Goodbye to the property middle man?

Goodbye to the property middle man?

Our property industry has many “middle men” businesses that help get deals done and make a profit as a result.

Sometimes their role is very important and they provide a valuable and efficient service, and sometimes they are little more than a tax on doing property business.

These “middle men” businesses are set to be challenged profoundly as Blockchain technologies start to enter the market over the next five to 10 years.

A whole lot of hype is taking place around Blockchain at the moment, in particular how the Blockchain technology behind Bitcoin will revolutionise the way we do business, trust each other, and interact without middle men.

Blockchain is an immature technology, but it is rapidly building a critical mass of IT developers and venture capital investors and starting to impact the mainstream.

Blockchain introduces a business philosophy that challenges our business models and how we work together and deliver value. Some are saying it has the potential to revolutionise business and society as profoundly as the Internet did.

The industries most likely to feel the impact of Blockchain are those that either have monopolistic middle men that make disproportionately high profits for being a “trusted hub”, or those that are disparate and inefficient. Industries that are competitive and efficient such as retailing or logistics are the most secure from Blockchain disruption.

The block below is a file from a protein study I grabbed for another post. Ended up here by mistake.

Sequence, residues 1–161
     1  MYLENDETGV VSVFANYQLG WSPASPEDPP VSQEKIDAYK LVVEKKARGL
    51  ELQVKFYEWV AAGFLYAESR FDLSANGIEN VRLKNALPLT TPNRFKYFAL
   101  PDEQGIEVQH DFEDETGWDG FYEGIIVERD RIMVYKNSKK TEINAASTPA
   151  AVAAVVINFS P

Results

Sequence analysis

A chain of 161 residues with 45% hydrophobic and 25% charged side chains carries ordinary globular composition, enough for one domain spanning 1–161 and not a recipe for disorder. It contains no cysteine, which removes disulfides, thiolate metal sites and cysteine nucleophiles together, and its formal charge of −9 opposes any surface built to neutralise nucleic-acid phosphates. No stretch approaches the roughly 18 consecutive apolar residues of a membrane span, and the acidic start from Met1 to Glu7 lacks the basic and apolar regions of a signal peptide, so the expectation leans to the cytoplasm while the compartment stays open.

Some parts of the property industry are disparate and inefficient, particularly in how they operate between each other to provide service to consumers. Buyers, sellers, landlords and tenants are confronted with a diverse set of large, medium and small companies that they have to interact with, and often do the work to co-ordinate, simply to achieve a sale or tenancy. From large developers and Internet scale portals, to small conveyancing operations and sole operator building inspectors, interacting with and receiving service from the industry can be a challenge.

Poor co-ordination and lack of efficient communication provides opportunities for new companies to decrease friction and make a profit. 1Form, for example, streamlined the tenant application process and the tedious interaction of tenants with multiple rental agencies, and created a healthy business that has subsequently been bought by

Similarly, agency ranking portals have entered the market in force, largely to help sellers select agents, while charging agents a percentage of their commission in the process.

Blockchain as a platform allows for the rapid co-ordination of service providers efficiently through “smart contracts”, standardising interactions and doing what 1Form did for tenancies across many other interactions. We should expect Blockchain solutions to introduce efficiency and competition in how we select agents, how we market properties, how we fund and originate mortgages, how we select property service providers like plumbers, how we pay each other and how we ensure that property title is transferred with payment on settlement.

Early Blockchain implementations include a rental bond lodgement and payment service that removes the need for trust accounts and eliminates the tedious end of month reconciliation for property managers. On a Blockchain the bond payment is held in escrow and a “smart contract” allows for the release of the bond at the end of the tenancy should the landlord and the tenant agree. If they do not agree, the smart contract can manage the mediation process and allow a pre-defined mediator to apportion the bond refund. The smart contract is also used in monthly payments, with each month’s rental payment immediately apportioned by the smart contract first to service providers owed money (such as plumbers), then to the real estate agent for their fees, and finally with the balance paid to the landlord.


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